We have two significant political races in California this year where a former CEO is running for election - Meg Whitman for governor and Carly Fiorina for senate. I have strong feelings against both of them, but that is another post. The piece I want to raise is that business and government are not the same.
In both cases, their campaigns are arguing that because they were successful in business (perhaps questionable too), they would make great leaders in government. Now, because someone has been a successful business person is no reason to dismiss them as a politician. They may bring some wonderful skills to the job that translate well from one role to the other. The problem comes when folk involved don't realize that government is not business and should not and cannot be run like business. It is a completely different paradigm. The goals are different. The means are different. The metrics for measuring success are different. We simply cannot run government like a business.
So let's look at those three categories a bit. What are the goals of business? To make a profit. Obviously there are wonderful businesses out there that are concerned about providing a good product, caring for their communities, making the world a better place... but they only do any of things things to the degree they can do it profitably. A research firm may come up with a product that cures a specific cancer, but if they cannot produce it at a profit, they cannot make it. It doesn't matter that they want to do the right thing, the good thing... they are constrained by what they are to produce profits for their stockholders. And those stockholders, a very specific slice of the population, are the only people they are accountable to in the end. So people continue to die and research continues. Government has a much more nebulous goal - to promote the common good. And the population to whom it is accountable is everyone. Corporate bean counters are accountable to the bottom line. Government bureaucrats are accountable to the people. Huge difference.
How about means? Governments must build coalitions, appeal to common values, find compromises between competing ideas and ideals, and work through a sometimes difficult and complicated process of legislation. In business, many models allow a CEO to change everything with the stroke of a pen. There may be a board of directors who have some say but as likely as not, they rubber stamp most of what the CEO's propose and their role is almost never to be involved in daily decisions. Shareholders may vote, but it is very unlikely that they really have any say in any of the decisions made and likely don't care as long as stock and dividends are going up. Shareholders might be thrilled that a production facility is closed and 1000's of jobs moved overseas if it means higher profits. See how difficult it is to shut down a military production facility and we see the difference in a government setting.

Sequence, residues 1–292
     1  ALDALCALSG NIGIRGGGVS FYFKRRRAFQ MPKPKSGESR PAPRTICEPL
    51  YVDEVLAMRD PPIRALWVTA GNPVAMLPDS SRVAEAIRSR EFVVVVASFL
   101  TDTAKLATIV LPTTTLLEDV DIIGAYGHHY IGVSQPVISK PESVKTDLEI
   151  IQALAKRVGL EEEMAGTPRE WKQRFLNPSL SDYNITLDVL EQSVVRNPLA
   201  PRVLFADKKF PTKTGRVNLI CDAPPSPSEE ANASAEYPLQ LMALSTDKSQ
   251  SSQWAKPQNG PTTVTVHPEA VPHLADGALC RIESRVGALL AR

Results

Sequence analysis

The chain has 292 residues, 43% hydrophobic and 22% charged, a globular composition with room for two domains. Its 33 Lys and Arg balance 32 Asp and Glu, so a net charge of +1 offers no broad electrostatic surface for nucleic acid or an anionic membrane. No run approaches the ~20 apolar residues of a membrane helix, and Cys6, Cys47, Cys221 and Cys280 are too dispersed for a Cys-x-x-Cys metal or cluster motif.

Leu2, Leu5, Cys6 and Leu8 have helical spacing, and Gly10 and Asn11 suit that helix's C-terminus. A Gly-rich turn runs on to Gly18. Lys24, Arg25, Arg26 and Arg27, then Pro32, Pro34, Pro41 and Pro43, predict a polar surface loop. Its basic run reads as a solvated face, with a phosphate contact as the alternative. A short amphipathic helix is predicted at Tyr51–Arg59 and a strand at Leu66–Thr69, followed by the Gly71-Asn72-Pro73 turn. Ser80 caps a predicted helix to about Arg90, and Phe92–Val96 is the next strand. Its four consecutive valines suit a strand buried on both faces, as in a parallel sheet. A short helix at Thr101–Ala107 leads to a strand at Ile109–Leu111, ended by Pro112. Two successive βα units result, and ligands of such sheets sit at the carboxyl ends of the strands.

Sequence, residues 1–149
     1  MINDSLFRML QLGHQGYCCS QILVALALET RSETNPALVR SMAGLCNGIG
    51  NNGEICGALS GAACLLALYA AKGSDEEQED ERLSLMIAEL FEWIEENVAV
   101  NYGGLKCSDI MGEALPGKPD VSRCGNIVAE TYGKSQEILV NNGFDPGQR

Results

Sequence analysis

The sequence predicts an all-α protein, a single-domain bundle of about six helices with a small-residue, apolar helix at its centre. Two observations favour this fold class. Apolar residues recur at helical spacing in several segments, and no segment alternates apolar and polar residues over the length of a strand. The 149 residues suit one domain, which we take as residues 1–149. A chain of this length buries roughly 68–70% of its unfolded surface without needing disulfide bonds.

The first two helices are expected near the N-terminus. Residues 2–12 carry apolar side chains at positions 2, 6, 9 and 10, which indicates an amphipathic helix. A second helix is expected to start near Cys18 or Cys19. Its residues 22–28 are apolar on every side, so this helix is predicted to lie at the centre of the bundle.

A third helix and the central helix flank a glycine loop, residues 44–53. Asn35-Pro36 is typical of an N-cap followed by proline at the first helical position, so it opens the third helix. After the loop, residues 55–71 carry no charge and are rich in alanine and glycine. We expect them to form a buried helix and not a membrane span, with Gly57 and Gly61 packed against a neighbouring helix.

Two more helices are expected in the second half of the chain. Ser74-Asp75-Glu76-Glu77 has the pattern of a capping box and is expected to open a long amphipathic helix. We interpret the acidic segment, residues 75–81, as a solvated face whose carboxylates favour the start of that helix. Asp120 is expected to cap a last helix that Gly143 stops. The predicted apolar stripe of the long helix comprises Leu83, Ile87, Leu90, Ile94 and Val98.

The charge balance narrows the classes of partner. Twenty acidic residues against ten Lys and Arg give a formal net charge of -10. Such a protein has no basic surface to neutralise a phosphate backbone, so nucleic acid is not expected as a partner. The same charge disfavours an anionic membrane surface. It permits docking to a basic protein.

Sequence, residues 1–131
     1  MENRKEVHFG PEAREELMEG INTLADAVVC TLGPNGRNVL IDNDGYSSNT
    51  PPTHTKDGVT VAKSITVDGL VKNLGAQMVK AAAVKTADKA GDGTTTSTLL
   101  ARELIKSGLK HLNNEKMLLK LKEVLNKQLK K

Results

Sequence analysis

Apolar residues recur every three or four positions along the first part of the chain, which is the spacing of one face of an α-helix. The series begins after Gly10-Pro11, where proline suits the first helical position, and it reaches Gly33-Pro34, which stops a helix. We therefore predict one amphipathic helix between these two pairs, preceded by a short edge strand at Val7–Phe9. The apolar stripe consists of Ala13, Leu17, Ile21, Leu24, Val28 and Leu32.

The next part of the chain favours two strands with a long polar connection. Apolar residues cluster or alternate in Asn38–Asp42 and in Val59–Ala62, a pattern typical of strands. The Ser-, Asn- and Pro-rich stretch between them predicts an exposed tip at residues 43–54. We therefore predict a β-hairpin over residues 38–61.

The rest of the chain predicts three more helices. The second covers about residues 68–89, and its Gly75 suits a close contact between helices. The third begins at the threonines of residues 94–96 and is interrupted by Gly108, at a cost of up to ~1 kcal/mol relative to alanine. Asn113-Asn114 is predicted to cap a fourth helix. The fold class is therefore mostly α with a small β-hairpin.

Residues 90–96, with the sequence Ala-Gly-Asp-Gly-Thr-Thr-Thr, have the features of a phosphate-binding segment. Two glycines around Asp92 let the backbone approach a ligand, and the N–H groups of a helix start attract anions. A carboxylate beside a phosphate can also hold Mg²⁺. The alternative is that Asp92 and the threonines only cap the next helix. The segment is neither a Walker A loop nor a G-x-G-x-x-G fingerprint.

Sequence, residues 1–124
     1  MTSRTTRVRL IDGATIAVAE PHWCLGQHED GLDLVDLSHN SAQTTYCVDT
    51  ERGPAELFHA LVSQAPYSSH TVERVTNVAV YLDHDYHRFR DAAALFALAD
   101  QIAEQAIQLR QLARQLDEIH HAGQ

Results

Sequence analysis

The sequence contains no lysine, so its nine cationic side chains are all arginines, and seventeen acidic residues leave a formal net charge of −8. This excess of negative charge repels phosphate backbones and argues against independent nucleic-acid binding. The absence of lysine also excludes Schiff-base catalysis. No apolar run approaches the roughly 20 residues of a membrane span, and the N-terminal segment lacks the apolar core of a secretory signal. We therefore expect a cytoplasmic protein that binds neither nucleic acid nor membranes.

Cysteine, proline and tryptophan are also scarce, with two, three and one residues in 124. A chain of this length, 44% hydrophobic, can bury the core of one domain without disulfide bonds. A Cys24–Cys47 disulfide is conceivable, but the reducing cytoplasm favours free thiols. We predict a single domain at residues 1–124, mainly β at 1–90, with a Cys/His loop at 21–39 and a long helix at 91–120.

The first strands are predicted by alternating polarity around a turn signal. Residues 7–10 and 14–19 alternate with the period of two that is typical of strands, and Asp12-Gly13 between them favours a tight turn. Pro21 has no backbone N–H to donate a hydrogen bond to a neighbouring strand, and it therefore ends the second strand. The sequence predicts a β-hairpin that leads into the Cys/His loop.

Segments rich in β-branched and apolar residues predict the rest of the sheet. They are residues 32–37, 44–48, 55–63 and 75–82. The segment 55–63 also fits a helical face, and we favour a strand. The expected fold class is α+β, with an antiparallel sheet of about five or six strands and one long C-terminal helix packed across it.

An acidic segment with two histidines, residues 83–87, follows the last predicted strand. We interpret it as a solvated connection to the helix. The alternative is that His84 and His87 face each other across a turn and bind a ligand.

And metrics? You know a business decision was a good one by looking at the bottom line. Did the company make money? Or is it poised to do so because of those decisions? Again, in government, things are not so simple. Let's look at a few actual programs briefly. First, social security. Depending upon whose numbers you believe, either it is solvent for the long term or it is pushing the entire government into a ditch. If it was a business decision, the way you read those numbers would answer the question. In government, the question becomes much more difficult when you look at the ways the program has changed our society. Poverty among the elderly has dropped significantly since the program began and even in our current economy is lower than it has ever been. One could even argue that some of the increase in life expectancy is due to social security and Medicare. So is it successful or not? And let's look at the War Against Terrorism. The Bush administration came into office with a huge budget surplus. They lowered taxes on the wealthiest Americans and went into two wars that cost billions of dollars, putting the government trillions in debt. Some would argue that their actions have made us safer. There is no question that had we not entered those wars, our national budget would be much healthier than it is today. Was it a successful thing to do?
Bottom line... politics is not business and cannot and should not be run like one. If we elect business people who do not understand that and/or expect them to run government like a business, we will all suffer. Are these two women just playing a game and saying what they think people want to hear in order to be elected and then will actually know how to govern vs. running a business? Or are they just caught up in the hubris of their own success and think they can impose a business paradigm where it does not fit? If they win, we will see...